Is Obama getting tougher on Israeli prime minister?
In closed-door briefings, President Barack Obama leveled tough criticisms at the Israeli leadership. “Israel doesn’t know what its own best interests are,” he told his associates. President Obama warned that the policies adopted by Israeli Prime Minister Benjamin Netanyahu had only complicated Israel’s status within the international community. He expected that these policies would only take Israel to a near-total international isolation.
Benjamin Netanyahu — who is poised to win the upcoming elections and will most likely form a new right-wing government — is aware of the president’s disdain and he seems unmoved by that. He dismissed the American president’s anger at Israel’s hard-line policies vis-à-vis the Palestinians. “Only the Israeli people will determine who best represents the State of Israel’s vital interests,” said Netanyahu.
Not surprisingly, the relationship between the two leaders has not been a pleasant one. In his first term, Obama humiliated Netanyahu on more than one occasion. Time and again, Obama voiced his dissatisfaction over Israeli policies. According to many accounts, President Obama was hardly popular among the Israeli public. This begs the following question that since Obama is not worried about his re-election, will he now put serious pressure on Netanyahu? Perhaps! Sources close to the president indicated that to avert a clash between the American administration and Netanyahu, the latter should change course.
Interestingly, the timing of President Obama’s reported comments cannot be more indicative. Israelis are casting their votes for the general elections in a week. His comments may sway some Israelis who value the relationship with the United States a lot. We remember when President George Bush Sr. withheld the loan guarantees on the eve of the Israeli elections in 1992, an increasing number of Israeli voters turned against the incumbent Yitzhak Shamir thus helping Yitzhak Rabin win the general elections. Again President Clinton interfered in Israeli elections in 1999 helping Ehud Barak win elections against Netanyahu.
Now the Israeli press is full of news of the reported Obama’s disdain of Netanyahu. The language used by Obama reflects the depth of anger at Netanyahu. Obama said that Netanyahu was a political coward with no courage to take a risk and concede to Palestinians. In Obama’s first term, Netanyahu demonstrated inflexibility thus making the American president look ineffective and with no influence on Israelis. Netanyahu’s policy on settlement enraged the White House and it was obvious to all observers that Obama was in no position to influence the Israeli government. Apparently, Obama will be thrilled in case Netanyahu does not win next elections. That said, it remains to be seen, however, whether the Israeli press coverage of this episode will sway the results of the upcoming elections.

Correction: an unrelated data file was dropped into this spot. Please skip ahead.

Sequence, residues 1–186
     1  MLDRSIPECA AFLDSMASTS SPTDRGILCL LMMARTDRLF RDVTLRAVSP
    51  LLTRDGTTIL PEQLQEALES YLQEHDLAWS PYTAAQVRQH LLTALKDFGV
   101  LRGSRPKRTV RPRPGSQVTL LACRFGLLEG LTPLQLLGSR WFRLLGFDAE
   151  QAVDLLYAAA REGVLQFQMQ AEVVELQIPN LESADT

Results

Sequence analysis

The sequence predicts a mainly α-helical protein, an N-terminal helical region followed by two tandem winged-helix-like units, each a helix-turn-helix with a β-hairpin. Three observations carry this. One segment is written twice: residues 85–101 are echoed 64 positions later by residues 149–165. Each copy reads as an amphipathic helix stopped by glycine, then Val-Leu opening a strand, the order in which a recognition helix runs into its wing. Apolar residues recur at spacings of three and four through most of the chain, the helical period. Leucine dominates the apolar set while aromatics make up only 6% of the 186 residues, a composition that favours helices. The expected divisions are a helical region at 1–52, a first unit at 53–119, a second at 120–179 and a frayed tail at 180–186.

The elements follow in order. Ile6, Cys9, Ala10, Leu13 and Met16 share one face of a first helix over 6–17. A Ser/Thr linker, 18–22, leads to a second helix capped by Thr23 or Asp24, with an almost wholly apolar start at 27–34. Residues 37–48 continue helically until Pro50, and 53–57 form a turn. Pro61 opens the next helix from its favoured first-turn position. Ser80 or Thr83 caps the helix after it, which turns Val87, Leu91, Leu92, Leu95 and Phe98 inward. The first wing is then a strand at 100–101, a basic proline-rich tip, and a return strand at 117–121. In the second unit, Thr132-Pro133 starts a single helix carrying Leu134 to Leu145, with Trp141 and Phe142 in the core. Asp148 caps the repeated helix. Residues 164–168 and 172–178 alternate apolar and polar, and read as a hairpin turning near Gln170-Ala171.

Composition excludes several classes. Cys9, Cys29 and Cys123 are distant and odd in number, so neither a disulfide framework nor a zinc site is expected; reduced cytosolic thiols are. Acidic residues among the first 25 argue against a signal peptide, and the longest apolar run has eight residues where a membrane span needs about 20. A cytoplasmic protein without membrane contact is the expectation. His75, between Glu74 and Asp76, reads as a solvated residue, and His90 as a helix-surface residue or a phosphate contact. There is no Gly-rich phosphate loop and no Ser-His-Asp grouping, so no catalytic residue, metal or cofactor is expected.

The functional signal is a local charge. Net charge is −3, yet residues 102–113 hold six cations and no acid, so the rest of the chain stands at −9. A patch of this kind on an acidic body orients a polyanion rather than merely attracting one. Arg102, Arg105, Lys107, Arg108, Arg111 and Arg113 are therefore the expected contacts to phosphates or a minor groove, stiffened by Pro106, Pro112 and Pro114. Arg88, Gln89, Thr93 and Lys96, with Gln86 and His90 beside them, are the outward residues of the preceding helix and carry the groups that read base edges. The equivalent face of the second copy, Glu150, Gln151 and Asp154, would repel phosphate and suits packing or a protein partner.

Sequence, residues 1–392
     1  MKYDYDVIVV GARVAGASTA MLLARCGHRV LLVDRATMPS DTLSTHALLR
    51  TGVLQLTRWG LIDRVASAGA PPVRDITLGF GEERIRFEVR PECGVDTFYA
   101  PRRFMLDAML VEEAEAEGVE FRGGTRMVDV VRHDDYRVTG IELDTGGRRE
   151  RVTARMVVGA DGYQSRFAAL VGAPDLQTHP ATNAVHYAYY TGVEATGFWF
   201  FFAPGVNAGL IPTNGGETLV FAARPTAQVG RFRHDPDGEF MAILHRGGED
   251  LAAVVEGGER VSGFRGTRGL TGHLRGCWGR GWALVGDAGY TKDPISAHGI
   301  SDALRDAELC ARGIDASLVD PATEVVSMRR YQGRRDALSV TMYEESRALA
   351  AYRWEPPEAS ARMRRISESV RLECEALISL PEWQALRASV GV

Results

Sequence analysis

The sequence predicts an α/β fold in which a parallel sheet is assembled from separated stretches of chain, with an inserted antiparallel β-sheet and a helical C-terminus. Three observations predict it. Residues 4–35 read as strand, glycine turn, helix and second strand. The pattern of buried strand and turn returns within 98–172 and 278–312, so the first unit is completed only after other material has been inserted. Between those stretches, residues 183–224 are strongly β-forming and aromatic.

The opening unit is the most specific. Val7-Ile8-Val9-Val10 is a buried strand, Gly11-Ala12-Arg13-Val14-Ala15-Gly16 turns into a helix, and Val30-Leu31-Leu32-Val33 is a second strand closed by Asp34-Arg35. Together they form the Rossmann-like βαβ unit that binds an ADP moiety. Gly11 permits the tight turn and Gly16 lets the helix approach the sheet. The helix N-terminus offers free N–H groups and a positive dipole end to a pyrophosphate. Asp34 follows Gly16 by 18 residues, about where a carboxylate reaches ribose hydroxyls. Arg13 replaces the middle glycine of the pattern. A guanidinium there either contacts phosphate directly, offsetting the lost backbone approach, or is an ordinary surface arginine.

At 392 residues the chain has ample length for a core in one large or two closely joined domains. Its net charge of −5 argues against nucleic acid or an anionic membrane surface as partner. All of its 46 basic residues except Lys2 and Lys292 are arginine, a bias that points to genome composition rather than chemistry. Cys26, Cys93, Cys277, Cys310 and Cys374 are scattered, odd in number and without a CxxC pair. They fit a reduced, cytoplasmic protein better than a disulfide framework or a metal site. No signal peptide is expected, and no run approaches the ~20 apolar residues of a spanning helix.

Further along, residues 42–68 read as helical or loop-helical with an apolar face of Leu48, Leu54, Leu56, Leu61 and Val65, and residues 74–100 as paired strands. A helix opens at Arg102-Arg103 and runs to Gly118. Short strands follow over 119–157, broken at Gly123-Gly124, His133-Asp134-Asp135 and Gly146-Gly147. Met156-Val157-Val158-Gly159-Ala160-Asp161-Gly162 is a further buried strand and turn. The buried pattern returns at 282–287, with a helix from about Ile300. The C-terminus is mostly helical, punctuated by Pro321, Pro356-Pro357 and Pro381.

It looks as if Obama seeks revenge. During the American presidential elections, Netanyahu tried to interfere in American elections to get Mitt Romney elected. He even hosted him! Therefore, there is no love lost between Obama and Netanyahu. Having said that however it is rather simplistic just to assume that Obama’s comments were meant to take revenge.
In fact, the European Union is working to put forward a plan for peace between the Israelis and the Palestinians. A possible right-wing government headed by Netanyahu will have hard time agreeing to the European plan that calls for the establishment of an independent Palestinian state on the basis of the 1967 borders.
President Obama may help the European present their plan. Additionally, he may present his key ideas about a two-state solution that entails the division of Jerusalem between the two sides. The idea of partitioning of Jerusalem is an anathema to Netanyahu and his right-wing cronies. Seen in this way and the changes in the posts of secretaries of defense and secretary of state suggest that Obama may play a hardball with Netanyahu.
From the get-go, Netanyahu and Obama have a prickly relation. According to Aaron David miller from Woodrow Wilson Center, “It’s troubled. It’s the greatest dysfunction between leaders that I’ve seen in my 40 years in watching and participating… I don’t think we are headed for a showdown, but the relationship will continue to be dysfunctional.” In short, Obama is expected to exert pressure on the next Israeli government. Nonetheless, Obama may well find himself consumed by battling the Congress over domestic issues. Therefore, we should not overlook the possibility that Obama may have little time to pressure Israel.